A culture of integrity

October 10, 2002

MARYLAND'S ETHICS Commission has voted unanimously to bar convicted felon and lobbyist Gerard E. Evans from his once-lucrative trade before the General Assembly of Maryland. It's a vote in determined defense of the lawmaking process and of the General Assembly's integrity.

Convicted in July 2000 of defrauding businesses that hired him to protect their interests, Mr. Evans went right from serving a sentence in federal prison to Annapolis, where he hoped to resume his labors as if nothing had happened.

In his absence, though, and largely in response to his crimes, the Assembly passed a law regulating lobbyists and requiring them to be licensed. Had the ethics commission approved his return, it would have been saying that corrupters of the process cannot be kept out of state government. Clearly this is not so.

Acting under the new law and under its reading of powers granted to regulatory or licensing agencies, the commission asked for and then set aside a ruling by the attorney general's office that held that Mr. Evans could not be sanctioned under a law passed after his conviction. The legality of the commission's ruling may be appealed. But there can be no question of its appropriateness.

Mr. Evans' crime struck at the heart of the lawmaking process. He was convicted of misrepresenting or exaggerating legislation that threatened the economic interests of several businesses and selling himself as a man who could prevent that legislation from passing.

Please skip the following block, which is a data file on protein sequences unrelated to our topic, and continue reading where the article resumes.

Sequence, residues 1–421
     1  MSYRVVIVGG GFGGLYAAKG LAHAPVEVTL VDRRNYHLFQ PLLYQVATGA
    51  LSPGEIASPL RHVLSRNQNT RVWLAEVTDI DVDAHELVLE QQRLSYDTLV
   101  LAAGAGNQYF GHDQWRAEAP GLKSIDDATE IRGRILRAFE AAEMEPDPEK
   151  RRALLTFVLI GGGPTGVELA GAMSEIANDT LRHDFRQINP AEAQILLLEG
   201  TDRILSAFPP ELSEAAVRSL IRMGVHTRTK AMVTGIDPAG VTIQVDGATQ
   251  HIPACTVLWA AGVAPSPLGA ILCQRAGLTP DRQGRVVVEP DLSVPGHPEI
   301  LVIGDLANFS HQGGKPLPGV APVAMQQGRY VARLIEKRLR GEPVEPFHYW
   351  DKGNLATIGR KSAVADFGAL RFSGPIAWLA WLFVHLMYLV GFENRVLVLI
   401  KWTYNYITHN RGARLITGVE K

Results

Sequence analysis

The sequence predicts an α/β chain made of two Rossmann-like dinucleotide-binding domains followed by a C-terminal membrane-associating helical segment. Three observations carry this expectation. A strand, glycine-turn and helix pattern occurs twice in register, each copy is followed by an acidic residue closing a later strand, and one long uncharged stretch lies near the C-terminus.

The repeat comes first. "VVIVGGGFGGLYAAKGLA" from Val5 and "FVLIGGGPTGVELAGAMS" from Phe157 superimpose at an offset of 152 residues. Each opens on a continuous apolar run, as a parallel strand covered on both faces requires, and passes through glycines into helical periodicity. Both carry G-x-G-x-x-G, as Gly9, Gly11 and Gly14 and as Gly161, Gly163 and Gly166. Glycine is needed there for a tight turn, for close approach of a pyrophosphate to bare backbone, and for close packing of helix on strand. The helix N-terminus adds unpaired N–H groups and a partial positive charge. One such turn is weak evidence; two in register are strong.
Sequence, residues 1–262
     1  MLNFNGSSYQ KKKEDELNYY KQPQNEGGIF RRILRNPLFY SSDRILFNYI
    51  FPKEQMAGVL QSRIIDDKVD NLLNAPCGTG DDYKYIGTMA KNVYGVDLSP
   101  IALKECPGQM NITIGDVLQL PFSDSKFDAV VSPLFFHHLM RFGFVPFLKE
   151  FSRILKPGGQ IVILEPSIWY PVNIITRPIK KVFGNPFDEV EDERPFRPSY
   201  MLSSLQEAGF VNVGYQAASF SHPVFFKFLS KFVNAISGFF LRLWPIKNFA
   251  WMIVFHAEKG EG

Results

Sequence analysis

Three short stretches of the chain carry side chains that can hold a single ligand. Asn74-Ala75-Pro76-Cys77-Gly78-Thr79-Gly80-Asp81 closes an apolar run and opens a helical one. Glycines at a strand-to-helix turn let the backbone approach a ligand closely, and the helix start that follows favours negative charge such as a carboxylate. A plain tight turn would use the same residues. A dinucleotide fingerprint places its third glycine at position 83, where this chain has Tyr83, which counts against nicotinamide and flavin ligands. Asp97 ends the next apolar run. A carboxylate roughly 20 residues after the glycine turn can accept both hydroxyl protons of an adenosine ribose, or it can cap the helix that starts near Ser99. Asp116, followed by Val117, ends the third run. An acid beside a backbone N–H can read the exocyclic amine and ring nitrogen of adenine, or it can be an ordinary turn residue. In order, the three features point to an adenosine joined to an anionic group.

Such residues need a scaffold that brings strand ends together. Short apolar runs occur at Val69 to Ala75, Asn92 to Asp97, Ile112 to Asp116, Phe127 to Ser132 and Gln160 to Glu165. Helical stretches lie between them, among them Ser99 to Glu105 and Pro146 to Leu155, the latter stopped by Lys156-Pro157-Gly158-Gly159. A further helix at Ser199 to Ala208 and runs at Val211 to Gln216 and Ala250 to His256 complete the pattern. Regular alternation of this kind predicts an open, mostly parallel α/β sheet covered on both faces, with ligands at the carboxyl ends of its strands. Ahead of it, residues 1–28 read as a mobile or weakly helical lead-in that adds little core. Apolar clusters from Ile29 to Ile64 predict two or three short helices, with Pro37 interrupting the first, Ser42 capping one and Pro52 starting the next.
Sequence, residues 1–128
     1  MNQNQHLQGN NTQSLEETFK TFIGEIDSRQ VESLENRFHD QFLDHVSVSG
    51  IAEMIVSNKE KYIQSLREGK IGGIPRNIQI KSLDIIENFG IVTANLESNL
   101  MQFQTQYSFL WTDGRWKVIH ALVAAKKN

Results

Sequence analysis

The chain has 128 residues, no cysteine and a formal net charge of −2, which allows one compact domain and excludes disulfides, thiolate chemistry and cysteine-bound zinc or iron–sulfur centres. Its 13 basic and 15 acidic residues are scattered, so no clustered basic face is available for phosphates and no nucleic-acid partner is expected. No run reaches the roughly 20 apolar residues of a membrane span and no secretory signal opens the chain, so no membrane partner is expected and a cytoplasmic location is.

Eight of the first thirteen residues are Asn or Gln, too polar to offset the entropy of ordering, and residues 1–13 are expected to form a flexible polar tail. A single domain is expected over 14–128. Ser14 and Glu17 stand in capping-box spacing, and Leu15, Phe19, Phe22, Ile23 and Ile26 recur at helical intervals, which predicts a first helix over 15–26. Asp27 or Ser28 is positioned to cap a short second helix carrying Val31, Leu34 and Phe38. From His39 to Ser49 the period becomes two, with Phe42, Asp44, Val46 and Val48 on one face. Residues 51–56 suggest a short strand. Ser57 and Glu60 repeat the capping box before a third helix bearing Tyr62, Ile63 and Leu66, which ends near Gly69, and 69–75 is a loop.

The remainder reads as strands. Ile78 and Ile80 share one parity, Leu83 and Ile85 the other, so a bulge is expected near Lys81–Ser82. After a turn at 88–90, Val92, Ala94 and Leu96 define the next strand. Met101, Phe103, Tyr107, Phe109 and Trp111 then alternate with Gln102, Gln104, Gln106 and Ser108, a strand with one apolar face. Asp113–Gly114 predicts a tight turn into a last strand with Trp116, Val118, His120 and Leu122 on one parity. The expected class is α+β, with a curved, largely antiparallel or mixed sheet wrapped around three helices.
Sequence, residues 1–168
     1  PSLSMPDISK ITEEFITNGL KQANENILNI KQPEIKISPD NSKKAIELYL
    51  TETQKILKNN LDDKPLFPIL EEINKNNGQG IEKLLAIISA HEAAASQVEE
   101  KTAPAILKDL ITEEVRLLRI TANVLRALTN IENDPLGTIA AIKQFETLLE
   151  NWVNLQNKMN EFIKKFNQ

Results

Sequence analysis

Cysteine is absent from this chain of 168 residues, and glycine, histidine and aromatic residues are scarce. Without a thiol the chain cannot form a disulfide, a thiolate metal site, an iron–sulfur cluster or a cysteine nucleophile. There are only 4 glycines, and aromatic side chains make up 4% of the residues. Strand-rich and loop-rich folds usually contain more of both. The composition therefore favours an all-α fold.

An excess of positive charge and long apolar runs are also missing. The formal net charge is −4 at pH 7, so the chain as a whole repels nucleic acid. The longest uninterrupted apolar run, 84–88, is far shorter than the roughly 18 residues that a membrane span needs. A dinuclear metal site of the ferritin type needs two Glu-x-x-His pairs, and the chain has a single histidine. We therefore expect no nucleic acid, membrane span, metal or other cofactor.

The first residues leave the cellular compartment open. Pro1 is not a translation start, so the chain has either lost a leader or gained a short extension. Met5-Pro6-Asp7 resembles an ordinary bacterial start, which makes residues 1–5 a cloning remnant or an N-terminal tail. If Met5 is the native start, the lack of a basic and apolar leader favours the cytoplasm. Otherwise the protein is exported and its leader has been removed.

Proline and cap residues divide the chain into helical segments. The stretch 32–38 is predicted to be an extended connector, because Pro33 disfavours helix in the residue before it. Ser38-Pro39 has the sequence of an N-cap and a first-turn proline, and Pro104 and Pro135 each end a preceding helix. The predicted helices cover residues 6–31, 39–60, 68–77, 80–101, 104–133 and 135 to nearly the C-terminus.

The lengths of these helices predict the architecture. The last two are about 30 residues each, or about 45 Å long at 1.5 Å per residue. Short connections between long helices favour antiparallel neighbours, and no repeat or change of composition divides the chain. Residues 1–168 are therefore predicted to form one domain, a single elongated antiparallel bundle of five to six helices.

When Mr. Evans was convicted, a federal judge declared that his crimes were part of a "culture of corruption" in Annapolis. That characterization embarrassed many, and corruption has become an issue in this year's race for governor. Spokesmen for both Rep. Robert L. Ehrlich Jr., the Republican, and Lt. Gov. Kathleen Kennedy Townsend, the Democrat, said they fully support the ethics commission's decision.

To respond in any other way would have suggested that corrupters of the process had immunity. In some other cases raising ethical concerns, the Assembly has not always acted with the same clarity. To allow Mr. Evans' return, one of the commissioners said, would have been to endorse "a lawless society." Precisely.

Members of the commission proceeded in this case as if their finding would have broad impact. That, of course, must be the legacy of the ruling. Over the years, the Assembly has passed an array of lobbying reforms. Too often, they have not dissuaded those who believe the big fees require the hired gun lobbyists to push the boundaries of ethics and the law.

Now everyone can see the cost of behaving with a blind and cavalier eye. Mr. Evans, for example, who made more than $1 million in 1998, may now be forced to find other work.

This ruling comes in the name of those who are devoted to the honorable and arduous process of lawmaking, and whose culture is one of public service.

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